What is Mindfulness?
Mindfulness has become increasingly popular in Western society over the last 20 years and although it has its roots in Buddhism (Keng et al. 2013; Kabatt-Zinn, 2012), the secular practice of mindfulness has become very much mainstream (Greater Good Science Center NB yr). It is not unusual to find mindfulness classes being offered in workplaces, schools, colleges, community groups and health services, as a practical tool people can use to promote their own personal health and wellbeing.
But what exactly is mindfulness and why should we practice it? Well according to Jon Kabat-Zinn, the American Professor who is credited with bringing the practice of mindfulness to Western society and who developed the world-renowned Mindfulness Based Stress Reduction programme, mindfulness is “awareness, cultivated by paying attention in a sustained and particular way: on purpose, in the present moment, and non-judgementally” (Kabat- Zinn, 2012, p.1). It involves being present with our thoughts, emotions, feelings, bodily sensations, and our environment, noticing and accepting them, without judging them as right or wrong (GGSC). Pretty straight-forward, right? However, if you ask anyone who has given it a go or those who have managed to cultivate a sustained mindfulness practice, they will tell you that it may sound simple, but it is definitely not easy. Jon Kabat-Zinn himself states in his book Wherever You Go, There You Are, that mindfulness takes “effort and discipline for the simple reason that the forces that work against our being mindful…are so strong and out of our consciousness that an inner commitment and a certain kind of work are necessary just to keep up our attempts to capture our awareness and sustain mindfulness” (Kabat-Zinn, 2004, p.8).
Why Practice Mindfulness?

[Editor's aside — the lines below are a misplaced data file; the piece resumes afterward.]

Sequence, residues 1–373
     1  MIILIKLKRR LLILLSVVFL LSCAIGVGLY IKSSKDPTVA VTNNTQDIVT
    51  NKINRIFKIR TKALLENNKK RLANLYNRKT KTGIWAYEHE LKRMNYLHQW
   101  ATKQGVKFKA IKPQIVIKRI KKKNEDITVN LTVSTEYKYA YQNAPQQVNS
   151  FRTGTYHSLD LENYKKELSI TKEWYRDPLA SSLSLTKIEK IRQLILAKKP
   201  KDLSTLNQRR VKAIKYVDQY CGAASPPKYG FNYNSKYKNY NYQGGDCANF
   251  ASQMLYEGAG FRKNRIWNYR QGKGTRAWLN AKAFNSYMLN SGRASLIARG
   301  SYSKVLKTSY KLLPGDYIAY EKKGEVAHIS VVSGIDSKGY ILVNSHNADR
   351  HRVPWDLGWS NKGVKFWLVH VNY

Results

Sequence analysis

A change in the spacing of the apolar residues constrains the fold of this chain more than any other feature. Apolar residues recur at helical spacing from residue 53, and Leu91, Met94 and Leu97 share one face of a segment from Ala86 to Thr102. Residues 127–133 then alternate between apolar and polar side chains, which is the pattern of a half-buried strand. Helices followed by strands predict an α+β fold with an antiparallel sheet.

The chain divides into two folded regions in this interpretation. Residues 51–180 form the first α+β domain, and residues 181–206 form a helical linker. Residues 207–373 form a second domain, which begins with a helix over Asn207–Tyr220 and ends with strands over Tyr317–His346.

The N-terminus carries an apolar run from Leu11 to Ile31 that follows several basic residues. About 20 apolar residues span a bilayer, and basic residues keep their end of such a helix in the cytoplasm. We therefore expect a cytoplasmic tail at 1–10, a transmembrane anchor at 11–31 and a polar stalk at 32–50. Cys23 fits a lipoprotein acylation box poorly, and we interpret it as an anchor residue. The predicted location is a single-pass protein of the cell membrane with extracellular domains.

Thanks to the work and writings of people like Jon Kabat-Zinn, Thich Nhat Hanh, Sharon Salzberg, Dr. Judson Brewer, Dr. Shauna Shapiro, and Dr. Richard J Davidson, the physical and mental health benefits of mindfulness have been well established. Mindfulness can also bring about structural changes to our brains; it can help us to become more focussed and reduce our susceptibility to illness.
The Greater Good Science Center based in UC Berkeley in the US have outlined the many benefits that mindfulness has been associated with.
See example of the benefits they list in the link above. And below for examples of some of the benefits from their website.
- Mindfulness changes our brains: Research has found that it increases density of gray matter in brain regions linked to learning, memory, emotion regulation, and empathy
- Mindfulness is good for our bodies: A seminal study found that, after just eight weeks of training, practicing mindfulness meditation boosts our immune system’s ability to fight off illness. Practicing mindfulness may also improve sleep quality.
- Mindfulness enhances relationships: Research suggests mindfulness training makes couples more satisfied with their relationship, makes each partner feel more optimistic and relaxed, and makes them feel more accepting of and closer to one another.
Mindfulness has also shown to:
- Reduced rumination
- Less emotional reactivity
- Boosts working memory.
- More cognitive flexibility
- Other Benefits
Another Source for the benefits: http://www.apa.org/monitor/2012/07-08/ce-corner.aspx